One Small Step

Choreography by Dora Frankel, music by Peter Coyte
Dora Frankel Dance
The Apollo Pavilion, Peterlee

One Small Step production photo

The Apollo Pavilion is an architectural artwork by Victor Pasmore. Construction began in 1969 - when it was named Apollo after the NASA mission which landed on the mon - it was completed in 1970. Built of reinforced concrete in geometric planes (reminiscent of the National Theatre), it spans a man-made lake and was intended to blend with the estate in which it stands. By 1980 it had become a focus for much anti-social behaviour and, in 1981, a campaign was started to have it demolished. However it has since been renovated and restored through a grant from the Heritage Lottery Fund.

This introductory historical note is important, for it is around the Pavilion and its history that choreographer Dora Frankel has created the site-specific dance piece One Small Step. In fact, it is not just site-specific; it is also a promenade piece which begins with the two dancers, Holly Irving and Natasha Kowalski, in grey hoodies meeting at the far end of the lake, making their way along the side to the building, performing on it, then moving to the other end of the lake, so the audience needs to follow them.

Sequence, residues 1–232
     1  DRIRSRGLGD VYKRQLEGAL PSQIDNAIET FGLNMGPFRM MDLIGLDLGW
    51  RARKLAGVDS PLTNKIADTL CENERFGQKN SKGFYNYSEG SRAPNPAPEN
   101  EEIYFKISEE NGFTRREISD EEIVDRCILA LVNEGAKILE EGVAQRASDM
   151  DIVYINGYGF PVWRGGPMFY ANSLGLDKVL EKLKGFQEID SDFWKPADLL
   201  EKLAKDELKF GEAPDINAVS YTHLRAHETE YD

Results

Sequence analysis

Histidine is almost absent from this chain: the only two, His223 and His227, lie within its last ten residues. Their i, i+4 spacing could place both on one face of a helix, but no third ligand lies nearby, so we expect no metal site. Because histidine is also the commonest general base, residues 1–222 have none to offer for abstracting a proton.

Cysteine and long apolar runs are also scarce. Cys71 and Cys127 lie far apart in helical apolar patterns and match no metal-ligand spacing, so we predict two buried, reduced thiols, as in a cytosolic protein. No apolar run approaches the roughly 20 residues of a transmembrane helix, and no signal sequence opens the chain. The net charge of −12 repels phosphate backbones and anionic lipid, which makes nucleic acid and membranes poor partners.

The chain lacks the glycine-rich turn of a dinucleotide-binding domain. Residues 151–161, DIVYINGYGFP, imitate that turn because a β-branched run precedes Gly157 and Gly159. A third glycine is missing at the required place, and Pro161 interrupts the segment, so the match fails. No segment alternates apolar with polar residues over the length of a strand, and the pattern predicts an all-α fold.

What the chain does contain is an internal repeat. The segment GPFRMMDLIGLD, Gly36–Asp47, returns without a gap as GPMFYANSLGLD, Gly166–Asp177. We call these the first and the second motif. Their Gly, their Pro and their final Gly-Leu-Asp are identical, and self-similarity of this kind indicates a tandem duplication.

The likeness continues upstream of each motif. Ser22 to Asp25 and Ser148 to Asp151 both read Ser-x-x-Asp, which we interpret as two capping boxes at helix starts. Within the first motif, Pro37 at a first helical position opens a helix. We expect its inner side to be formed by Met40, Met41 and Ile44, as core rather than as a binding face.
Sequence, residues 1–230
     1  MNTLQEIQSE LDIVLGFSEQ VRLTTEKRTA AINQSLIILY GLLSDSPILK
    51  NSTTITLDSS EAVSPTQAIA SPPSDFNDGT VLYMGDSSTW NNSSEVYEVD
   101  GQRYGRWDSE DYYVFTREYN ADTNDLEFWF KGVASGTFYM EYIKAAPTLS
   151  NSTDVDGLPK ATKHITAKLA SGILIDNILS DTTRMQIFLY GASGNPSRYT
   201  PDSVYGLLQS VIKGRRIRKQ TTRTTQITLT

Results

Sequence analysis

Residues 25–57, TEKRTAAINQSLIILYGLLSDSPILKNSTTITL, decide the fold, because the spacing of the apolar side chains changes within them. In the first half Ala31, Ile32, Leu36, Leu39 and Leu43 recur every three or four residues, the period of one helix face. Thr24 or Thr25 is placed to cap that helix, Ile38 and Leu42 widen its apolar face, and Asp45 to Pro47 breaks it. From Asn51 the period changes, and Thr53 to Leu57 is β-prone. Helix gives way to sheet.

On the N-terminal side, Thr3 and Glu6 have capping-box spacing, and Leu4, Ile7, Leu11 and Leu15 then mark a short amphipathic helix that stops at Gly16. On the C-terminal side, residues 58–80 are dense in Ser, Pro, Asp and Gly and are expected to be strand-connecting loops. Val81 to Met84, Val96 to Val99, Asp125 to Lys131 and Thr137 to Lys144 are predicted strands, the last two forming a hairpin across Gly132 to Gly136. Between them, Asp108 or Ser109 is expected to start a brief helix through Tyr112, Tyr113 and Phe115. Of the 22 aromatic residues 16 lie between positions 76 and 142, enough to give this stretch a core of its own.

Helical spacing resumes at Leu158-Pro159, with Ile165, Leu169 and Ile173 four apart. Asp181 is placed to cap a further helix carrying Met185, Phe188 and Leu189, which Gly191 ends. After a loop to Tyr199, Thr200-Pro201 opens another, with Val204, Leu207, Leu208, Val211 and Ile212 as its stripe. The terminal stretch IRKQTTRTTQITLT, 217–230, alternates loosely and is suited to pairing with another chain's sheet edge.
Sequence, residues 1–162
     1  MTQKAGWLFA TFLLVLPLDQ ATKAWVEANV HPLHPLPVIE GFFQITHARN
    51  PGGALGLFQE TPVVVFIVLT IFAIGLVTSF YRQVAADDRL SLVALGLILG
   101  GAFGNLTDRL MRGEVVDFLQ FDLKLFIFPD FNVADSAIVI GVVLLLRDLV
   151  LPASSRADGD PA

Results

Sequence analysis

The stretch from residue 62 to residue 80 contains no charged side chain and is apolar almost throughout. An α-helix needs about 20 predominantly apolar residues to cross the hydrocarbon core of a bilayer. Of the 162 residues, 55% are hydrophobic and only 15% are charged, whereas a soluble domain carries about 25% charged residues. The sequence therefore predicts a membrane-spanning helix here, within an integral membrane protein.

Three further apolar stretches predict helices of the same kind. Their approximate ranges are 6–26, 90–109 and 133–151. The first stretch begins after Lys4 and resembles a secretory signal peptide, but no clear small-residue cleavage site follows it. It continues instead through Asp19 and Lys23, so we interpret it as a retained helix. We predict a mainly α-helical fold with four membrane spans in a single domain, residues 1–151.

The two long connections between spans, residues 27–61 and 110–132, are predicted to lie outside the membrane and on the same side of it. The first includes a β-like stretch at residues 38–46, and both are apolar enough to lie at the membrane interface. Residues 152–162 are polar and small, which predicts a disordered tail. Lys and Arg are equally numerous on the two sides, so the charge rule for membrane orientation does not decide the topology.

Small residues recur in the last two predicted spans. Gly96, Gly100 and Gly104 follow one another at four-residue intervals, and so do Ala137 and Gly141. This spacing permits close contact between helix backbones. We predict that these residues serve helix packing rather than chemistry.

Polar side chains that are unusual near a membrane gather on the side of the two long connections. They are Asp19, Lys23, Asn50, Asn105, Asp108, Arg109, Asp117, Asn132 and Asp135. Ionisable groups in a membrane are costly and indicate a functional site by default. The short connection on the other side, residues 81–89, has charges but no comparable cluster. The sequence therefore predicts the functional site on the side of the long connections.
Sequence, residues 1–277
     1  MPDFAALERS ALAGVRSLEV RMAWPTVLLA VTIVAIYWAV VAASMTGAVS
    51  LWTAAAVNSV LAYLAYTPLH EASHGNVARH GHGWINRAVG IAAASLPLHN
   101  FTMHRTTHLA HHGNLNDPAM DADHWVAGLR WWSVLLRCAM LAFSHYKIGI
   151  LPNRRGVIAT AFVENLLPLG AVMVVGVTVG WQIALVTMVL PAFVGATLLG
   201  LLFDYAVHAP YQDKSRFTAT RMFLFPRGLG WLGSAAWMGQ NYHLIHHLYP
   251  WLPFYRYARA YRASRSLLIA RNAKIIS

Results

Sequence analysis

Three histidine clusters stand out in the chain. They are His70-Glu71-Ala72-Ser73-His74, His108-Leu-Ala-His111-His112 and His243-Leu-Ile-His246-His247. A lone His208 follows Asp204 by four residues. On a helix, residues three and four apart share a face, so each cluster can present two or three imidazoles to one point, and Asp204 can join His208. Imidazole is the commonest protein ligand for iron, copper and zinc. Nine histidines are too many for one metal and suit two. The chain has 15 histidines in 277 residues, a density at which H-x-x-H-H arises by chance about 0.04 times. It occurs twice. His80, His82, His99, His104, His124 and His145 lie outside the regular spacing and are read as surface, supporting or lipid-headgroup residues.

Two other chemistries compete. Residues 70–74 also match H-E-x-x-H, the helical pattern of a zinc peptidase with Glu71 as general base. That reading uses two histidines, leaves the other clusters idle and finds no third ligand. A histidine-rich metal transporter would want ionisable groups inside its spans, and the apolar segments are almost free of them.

The whole history is encapsulated in the dance (although not in strict chronological order) and the essence of the site explored. The hoodies, representing the antisocial behaviour period, give way to colourful geometrically patterned sixties dresses and tights and we experience the optimism of the period as we listen to the recordings from the Apollo mission

We watch the dancers explore the planes of the Pavilion, squeezing between massive concrete blocks, climbing to the highest point and seeming, at times, almost about to fall. The space as a children's play area is explored on skateboard and bike.

In short, One Small Step is a celebration of both the Apollo Pavilion and its time, and a reflection of the duality of its iconic nature and the playfulness it so obviously inspires in the children who before and after the performance used it as a play park.

Dora Frankel's movement language reflects the nature of the space and the two dancers really bring the space alive. One Small Step is a very accessible piece as was evidenced by the reaction of the very varied audience which ranged from young children through a large number of teenagers to adults of all ages.

Reviewer: Peter Lathan

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